I forget what it was about, but it was one of those stupid fights where you're probably too emotionally volatile (and fully not awake yet) so everything is a problem and the other person makes you so mad you could spit.
I said to John "just go away. I'll see you later" and I started getting ready like I usually do
and that wonderful man, you know what he did?
He went upstairs and made me my usual thermos of coffee
and then he dropped it off in my office as usual
even though we were in the middle of a fight and I was, in hindsight, probably not being my best self
(I'm not a morning person)
he still went out of his way to be kind to me.
Later in the day after we'd calmed down and had a chat and things were back to normal I said
"why did you still make me coffee this morning?"
and he said
"just because we're fighting doesn't mean I get to be a dick about things. I love you."
Thank god I'm marrying that man.
- by Alyson Shane
It was at the Cinématheque down in The Exchange District and it was the first movie I've seen there in a long time. We ordered popcorn and an Orange Jones Soda, which is my favourite, and a bag of Skittles which are also my favourite.
Luckily for me John's favourite is popcorn so going to the movies together is always an easy experience since we never disagree on what to get. We sat in the second row which didn't matter much since the cinema is so small that there's no bad seats, really.
The movie was Won't You Be My Neighbor? and it was a documentary about Fred Rogers, who most people over 30 will recognize as Mister Rogers of the iconic children's program Mister Rogers Neighbourhood.
He was the guy who talked to you about divorce when your parents were trying to keep you in the dark. He was the adult who explained what it meant to die when everyone around you was saying "Grandma went to sleep forever." He was the adult who said "I like you just the way you are" to a lot of kids who needed to hear it. Me included.
I wore my glasses because I knew I was going to cry at least once, and I did but only a little. I heard a lot of other people sniffling though, so there were at least a few other misty-eyed viewers in the room.
It was weird to get emotional to clips of an old man telling us he liked us just the way we were.
Think about that: a whole room full of people, sniffling and trying to hold back tears, getting emotional about a man who went out of his way to tell them that they're special and deserve to be loved no matter what.
What an incredible impact to be able to have on people.
And how heartbreaking that so many of us still needed to hear it.
I still needed to hear it.
At the end of the film his wife and some of the other interviewees said that Mister Rogers struggled to believe that his show had made a meaningful impact on the world at large.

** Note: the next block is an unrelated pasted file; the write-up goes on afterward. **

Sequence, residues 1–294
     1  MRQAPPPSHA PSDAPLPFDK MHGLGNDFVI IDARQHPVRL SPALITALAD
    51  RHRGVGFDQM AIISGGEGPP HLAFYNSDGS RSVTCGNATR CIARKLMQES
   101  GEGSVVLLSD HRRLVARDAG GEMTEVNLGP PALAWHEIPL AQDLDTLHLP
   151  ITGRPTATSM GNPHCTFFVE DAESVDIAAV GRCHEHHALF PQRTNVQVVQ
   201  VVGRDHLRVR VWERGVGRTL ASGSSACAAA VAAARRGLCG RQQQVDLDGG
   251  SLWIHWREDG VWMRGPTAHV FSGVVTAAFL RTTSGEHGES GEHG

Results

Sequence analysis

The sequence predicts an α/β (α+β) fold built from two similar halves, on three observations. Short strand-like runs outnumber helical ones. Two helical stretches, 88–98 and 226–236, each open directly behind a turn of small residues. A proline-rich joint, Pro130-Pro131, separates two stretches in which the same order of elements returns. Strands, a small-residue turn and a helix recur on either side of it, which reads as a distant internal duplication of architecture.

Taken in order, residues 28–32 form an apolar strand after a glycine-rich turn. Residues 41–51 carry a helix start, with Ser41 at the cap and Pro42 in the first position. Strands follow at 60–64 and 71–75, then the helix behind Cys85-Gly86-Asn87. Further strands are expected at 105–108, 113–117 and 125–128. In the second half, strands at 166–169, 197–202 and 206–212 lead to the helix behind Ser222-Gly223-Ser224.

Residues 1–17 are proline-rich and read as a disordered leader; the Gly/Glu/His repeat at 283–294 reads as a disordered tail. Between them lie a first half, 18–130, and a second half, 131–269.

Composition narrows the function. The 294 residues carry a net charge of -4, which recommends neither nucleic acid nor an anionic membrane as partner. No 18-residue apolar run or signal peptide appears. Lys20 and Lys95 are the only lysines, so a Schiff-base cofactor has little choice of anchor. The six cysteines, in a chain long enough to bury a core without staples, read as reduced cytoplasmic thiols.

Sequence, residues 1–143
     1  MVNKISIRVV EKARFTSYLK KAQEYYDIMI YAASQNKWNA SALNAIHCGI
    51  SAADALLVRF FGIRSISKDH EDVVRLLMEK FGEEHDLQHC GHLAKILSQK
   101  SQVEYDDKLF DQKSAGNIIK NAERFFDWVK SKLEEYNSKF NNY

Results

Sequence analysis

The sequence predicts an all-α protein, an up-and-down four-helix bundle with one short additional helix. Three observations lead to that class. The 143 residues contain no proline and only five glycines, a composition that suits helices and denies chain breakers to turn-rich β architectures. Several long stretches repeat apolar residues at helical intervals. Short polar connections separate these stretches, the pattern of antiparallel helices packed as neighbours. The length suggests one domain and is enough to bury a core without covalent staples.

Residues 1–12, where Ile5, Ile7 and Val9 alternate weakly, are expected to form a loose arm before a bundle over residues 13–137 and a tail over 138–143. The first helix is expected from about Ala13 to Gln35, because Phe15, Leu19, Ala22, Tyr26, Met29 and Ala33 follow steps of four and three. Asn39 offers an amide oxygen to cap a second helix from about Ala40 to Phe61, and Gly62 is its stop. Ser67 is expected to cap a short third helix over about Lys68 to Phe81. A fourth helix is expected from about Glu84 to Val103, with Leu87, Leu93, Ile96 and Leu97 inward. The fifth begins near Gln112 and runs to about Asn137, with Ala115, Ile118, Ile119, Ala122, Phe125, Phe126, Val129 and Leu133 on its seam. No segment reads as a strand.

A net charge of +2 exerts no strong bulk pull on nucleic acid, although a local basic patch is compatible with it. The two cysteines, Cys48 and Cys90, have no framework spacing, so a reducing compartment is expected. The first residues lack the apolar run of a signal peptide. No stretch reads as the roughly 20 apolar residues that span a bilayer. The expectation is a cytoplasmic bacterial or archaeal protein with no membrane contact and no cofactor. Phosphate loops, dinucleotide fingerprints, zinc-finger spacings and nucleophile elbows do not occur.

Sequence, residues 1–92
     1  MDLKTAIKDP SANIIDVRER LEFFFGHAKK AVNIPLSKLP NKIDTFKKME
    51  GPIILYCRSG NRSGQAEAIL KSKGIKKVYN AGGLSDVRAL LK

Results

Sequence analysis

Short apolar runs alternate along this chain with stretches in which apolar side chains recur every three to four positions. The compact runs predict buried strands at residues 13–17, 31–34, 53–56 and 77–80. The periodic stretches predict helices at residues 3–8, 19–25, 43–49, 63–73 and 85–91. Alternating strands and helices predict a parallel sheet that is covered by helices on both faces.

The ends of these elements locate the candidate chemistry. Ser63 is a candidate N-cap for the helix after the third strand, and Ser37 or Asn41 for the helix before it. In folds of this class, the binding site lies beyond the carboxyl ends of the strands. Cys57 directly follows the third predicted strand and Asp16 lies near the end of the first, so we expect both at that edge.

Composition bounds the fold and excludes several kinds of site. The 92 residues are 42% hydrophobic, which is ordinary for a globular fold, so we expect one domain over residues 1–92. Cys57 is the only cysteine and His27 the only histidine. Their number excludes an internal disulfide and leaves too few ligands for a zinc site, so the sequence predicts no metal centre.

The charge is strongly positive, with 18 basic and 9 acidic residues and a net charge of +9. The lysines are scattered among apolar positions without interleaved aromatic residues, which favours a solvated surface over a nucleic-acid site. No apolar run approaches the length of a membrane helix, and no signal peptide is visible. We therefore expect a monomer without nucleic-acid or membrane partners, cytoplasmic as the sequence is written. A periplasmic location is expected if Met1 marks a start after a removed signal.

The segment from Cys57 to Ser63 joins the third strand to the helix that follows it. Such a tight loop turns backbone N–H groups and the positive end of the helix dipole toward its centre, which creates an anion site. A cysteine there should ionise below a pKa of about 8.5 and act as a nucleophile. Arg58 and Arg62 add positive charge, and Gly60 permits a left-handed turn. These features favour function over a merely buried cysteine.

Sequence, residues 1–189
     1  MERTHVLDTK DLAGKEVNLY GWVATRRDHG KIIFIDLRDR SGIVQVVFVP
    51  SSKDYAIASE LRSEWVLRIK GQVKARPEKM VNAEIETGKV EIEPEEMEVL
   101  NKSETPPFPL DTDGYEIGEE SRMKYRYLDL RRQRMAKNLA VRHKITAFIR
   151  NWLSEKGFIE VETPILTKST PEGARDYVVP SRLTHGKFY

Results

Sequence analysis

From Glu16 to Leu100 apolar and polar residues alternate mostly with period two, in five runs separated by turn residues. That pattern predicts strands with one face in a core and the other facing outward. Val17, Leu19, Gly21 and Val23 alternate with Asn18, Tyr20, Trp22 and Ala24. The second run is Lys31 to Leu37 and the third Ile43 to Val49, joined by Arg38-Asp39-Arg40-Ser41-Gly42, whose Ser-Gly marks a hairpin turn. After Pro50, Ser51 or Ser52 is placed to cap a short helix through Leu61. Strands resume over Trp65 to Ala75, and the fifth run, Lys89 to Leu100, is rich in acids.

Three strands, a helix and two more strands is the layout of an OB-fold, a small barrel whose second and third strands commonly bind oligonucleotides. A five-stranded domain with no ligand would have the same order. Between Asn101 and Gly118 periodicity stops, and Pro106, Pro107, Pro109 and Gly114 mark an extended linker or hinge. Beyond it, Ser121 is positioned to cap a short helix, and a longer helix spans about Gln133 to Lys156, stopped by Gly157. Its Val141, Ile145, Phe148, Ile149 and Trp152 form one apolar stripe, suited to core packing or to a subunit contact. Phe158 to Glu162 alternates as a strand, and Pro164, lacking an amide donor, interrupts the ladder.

How he spent his career trying to heal a broken world that seemed to be getting worse, not better, and doubted whether his voice and message had any value in modern society.
Which was the most heartbreaking thing of all if you ask me.
- by Alyson Shane
I first moved into Spence St with Gordon. I needed a place to live that was closer to the University of Winnipeg and also that didn't cost me an arm and a leg. Until then I'd been living in a tiny and beautiful but wildly overpriced one-bedroom apartment in The Roslyn in Osborne Village, and I had to worry about putting myself through university so my gorgeous apartment had to go.
I moved in with Gordon and promptly realized that while he was a wonderful and charming human he was also a bit of a hot mess. Which isn't saying much, because I was also a hot mess at the time.
Inevitably our hot-mess-ness (especially me; I was a horrible, anxious mess at this point) spilled over and our brief, dramatic, sometimes wonderful but mostly stressful time together came to an end.
Then Ty moved in and the place I lived became my home. It was our home for a while and I made some of my best memories there.
I loved the gymnasium flooring that was beat to shit but still beautiful. Especially around the doorway to the living room where the wood had seen the most wear and tear. It showed the signs of lives lived there, moving in and out.
The vines grew over the bedroom window during the summertime and I loved how bright and green the room was on the weekend mornings when I'd sit in bed with a coffee and the front page of The Washington Post in my laptop.
The day we brought Toulouse home. He and our other cat, Ford, didn't get along at first, but his dopey and persistent personality won through and they became bros in the end. Eventually I wound up with T. and Ty took Ford when we split, but in the end I think it was for the best since Toulouse was always my baby, anyway.
That April day when I spent a spring day in-between university exams listening to NPR and painting the kitchen. Those old walls were so beat-up and stained. I must have painted for over eight hours to get it all done.
One time during a horrible winter blizzard we spent the weekend huddled inside playing Final Fantasy IX, eating grilled cheese sandwiches and drinking spiked hot chocolate.
I miss how the street looked as the seasons changed. The way the canopy of leaves looked over the street in the summertime. I loved learning the patterns of the neighbours, the cars, the people.
I had a raised bed in the community garden behind my building. I gardened there the first summer John and I were together and he biked over from his house in Wolseley with a bunch of gardening supplies hanging from his handlebars for me.